George F. Will is exactly right in saying that President Reagan's illness will save the lives of thousands of potential cancer victims by ending their procrastination in getting tests and treatment for their own cases.
If this were a rational world, it would also end the government's mindless procrastination in dealing with the problem of runaway federal deficits.
Those deficits are the cancer in our economic system, and the longer they are left untreated, the more certain and painful will be the end of our current prosperity.
It must have struck someone that four days after the president's surgery and two days after the diagnosis of colon cancer, Federal Reserve Chairman Paul A. Volcker was issuing the same diagnosis for the economy.
"When you operate on borrowed money to the extent that we have," he said in congressional testimony, "you are living on borrowed time." It is exactly the same point -- indeed, almost a word-for-word paraphrase -- that Walter Mondale made in his Democratic convention acceptance speech a year ago last week and that many others of both parties have made before and since.
There is no serious challenge to that proposition among those businessmen, bankers and economists who look seriously at the picture or, for that matter, among many of the administration and congressional officials who are struggling with it.
Yet Senate Majority Leader Bob Dole, one of those who clearly understands the threat, has said that the government is "surrendering to the deficit."
He expressed that bitter view in criticizing the unwise budget concessions Reagan made just before his hospitalization. The White House has mismanaged this year's budget process, starting with the unrealistic defense spending numbers of last January and continuing up through the cave-in on Social Security cost-of-living adjustments of which Dole complained.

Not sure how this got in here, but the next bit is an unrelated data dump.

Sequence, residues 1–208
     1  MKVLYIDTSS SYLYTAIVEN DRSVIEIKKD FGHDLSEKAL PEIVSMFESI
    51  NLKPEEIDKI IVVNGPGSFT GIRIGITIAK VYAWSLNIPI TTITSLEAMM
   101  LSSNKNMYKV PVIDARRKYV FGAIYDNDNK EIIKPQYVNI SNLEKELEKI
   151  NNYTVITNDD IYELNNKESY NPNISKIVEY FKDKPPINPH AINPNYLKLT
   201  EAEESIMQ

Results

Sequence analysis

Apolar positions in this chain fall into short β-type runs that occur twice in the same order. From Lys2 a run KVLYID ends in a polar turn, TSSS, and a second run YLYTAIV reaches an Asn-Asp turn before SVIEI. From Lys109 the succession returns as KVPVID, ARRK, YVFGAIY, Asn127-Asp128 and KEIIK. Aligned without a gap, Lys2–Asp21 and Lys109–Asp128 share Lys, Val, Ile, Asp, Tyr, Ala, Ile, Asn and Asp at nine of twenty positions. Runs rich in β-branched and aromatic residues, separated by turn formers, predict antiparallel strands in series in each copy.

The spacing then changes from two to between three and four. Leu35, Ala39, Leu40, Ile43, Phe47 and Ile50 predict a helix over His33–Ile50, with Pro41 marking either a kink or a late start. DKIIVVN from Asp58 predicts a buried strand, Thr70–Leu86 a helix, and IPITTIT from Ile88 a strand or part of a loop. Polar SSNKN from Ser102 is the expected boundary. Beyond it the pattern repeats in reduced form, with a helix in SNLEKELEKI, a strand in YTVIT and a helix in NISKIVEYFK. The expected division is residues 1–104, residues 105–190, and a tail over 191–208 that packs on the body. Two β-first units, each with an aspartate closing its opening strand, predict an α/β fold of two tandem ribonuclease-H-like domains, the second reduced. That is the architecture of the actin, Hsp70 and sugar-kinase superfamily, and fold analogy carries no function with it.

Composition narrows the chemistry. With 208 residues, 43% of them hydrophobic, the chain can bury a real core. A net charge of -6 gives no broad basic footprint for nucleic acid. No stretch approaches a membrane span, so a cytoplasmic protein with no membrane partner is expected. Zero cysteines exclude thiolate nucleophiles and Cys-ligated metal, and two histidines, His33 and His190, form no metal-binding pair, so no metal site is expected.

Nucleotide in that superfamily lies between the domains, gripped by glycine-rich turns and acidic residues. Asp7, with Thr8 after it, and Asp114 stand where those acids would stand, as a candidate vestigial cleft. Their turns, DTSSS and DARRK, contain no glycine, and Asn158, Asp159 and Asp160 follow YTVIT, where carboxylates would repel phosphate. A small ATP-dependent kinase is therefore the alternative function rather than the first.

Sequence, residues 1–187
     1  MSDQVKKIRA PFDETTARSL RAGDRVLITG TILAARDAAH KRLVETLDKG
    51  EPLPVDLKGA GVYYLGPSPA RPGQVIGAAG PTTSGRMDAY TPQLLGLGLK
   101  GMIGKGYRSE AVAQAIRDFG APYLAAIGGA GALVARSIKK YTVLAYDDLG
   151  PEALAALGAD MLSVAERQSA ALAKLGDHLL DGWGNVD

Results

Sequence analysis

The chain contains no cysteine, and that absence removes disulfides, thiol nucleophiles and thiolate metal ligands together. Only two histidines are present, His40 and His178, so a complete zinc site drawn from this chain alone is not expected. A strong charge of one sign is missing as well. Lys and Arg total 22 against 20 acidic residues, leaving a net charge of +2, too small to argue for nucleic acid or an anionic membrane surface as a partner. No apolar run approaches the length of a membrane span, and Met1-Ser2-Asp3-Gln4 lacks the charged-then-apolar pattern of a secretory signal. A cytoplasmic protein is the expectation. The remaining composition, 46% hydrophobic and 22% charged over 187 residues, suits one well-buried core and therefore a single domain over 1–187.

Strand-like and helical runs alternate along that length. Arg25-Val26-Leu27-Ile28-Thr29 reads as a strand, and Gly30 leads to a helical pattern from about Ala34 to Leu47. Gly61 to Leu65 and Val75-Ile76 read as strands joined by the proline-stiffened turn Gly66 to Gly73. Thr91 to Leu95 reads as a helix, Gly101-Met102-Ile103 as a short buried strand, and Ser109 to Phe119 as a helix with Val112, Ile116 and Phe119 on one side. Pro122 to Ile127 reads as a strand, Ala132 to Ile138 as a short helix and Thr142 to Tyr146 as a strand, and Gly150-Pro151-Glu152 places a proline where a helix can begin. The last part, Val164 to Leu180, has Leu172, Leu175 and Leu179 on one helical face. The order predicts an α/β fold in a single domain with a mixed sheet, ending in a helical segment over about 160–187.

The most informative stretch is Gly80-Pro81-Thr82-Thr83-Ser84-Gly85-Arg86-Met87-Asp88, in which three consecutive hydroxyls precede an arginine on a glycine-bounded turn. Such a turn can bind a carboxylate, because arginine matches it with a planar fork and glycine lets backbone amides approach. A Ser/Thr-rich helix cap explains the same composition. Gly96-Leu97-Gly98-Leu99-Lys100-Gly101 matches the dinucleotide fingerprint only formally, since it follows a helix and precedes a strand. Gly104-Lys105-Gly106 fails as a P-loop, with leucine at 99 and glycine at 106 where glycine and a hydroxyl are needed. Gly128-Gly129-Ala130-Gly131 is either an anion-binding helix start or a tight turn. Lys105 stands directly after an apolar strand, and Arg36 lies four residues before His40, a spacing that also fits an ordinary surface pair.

But there is no one so blame-free in this process that he can walk away from responsibility if it collapses -- as it recurrently has threatened to do. For the congressional budget-makers to quit in disagreement would be exactly as indefensible as it would have been for the president's doctors to throw up their hands when they found the new -- and cancerous -- polyp.
The basic strength of the American economy is being sapped by three cancers, closely linked and feeding each other. The first is the budget deficit, brushing $200 billion a year. When added to the existing trillion-dollar-plus national debt, it guarantees that a multiplying share of each year's tax collections will be consumed simply in making runaway interest payments on the debt.
The second cancer is the rising tide of foreign borrowing -- $100 billion a year from now until at least 1990, according to the latest Congressional Research Service estimate. This year that borrowing has made the United States a debtor nation for the first time in 70 years.
By next year, we may be the world's biggest debtor. The rapid growth of that foreign debt almost strips us of control of our own economic future. More and more of our future income will be sent abroad to pay those foreign creditors, and if they put the squeeze on us by withdrawing their funds, we could in truth be "a pitiful, helpless giant."
The third cancer is the steadily worsening foreign trade deficit, estimated by Secretary of Commerce Malcolm Baldrige in the mind-boggling $140-$150 billion range this year. That measures the inability of the American economy to hold its own in international competition. It explains why, in a time of seeming prosperity, we are continuing to lose jobs in manufacturing and seeing industry after industry overwhelmed by foreign competitors.
None of these facts is in dispute -- any more than the president's diagnosis was subject to debate. Yet we continue to be lulled by stock-market highs and summer sloth into thinking there will not be a day of reckoning.
Ignoring these economic cancers is as stupid and criminal as it would have been to say of Ronald Reagan, "Hell, he can't be sick. Look at that tan he's got."
When Reagan's problem was diagnosed, his doctors did not hesitate or procrastinate. They did the surgery. He accepted the pain and discomfiture in order to achieve what should be a cure.
Every diagnosis of our economic cancer leads to the recommendation that the budget deficit must be cut -- with whatever short-term pain and discomfiture -- by dealing with defense, domestic spending, entitlements and taxes.
If Reagan's doctors had shrunk from doing what his life and health required, they would have been denounced and replaced. If this administration and Congress attempt to sneak off on vacation in August without acting on the budget deficit, they deserve no better treatment.
If they -- and we -- can't read the message we've been sent, and summon the will to act on it, we deserve the fate we will surely suffer.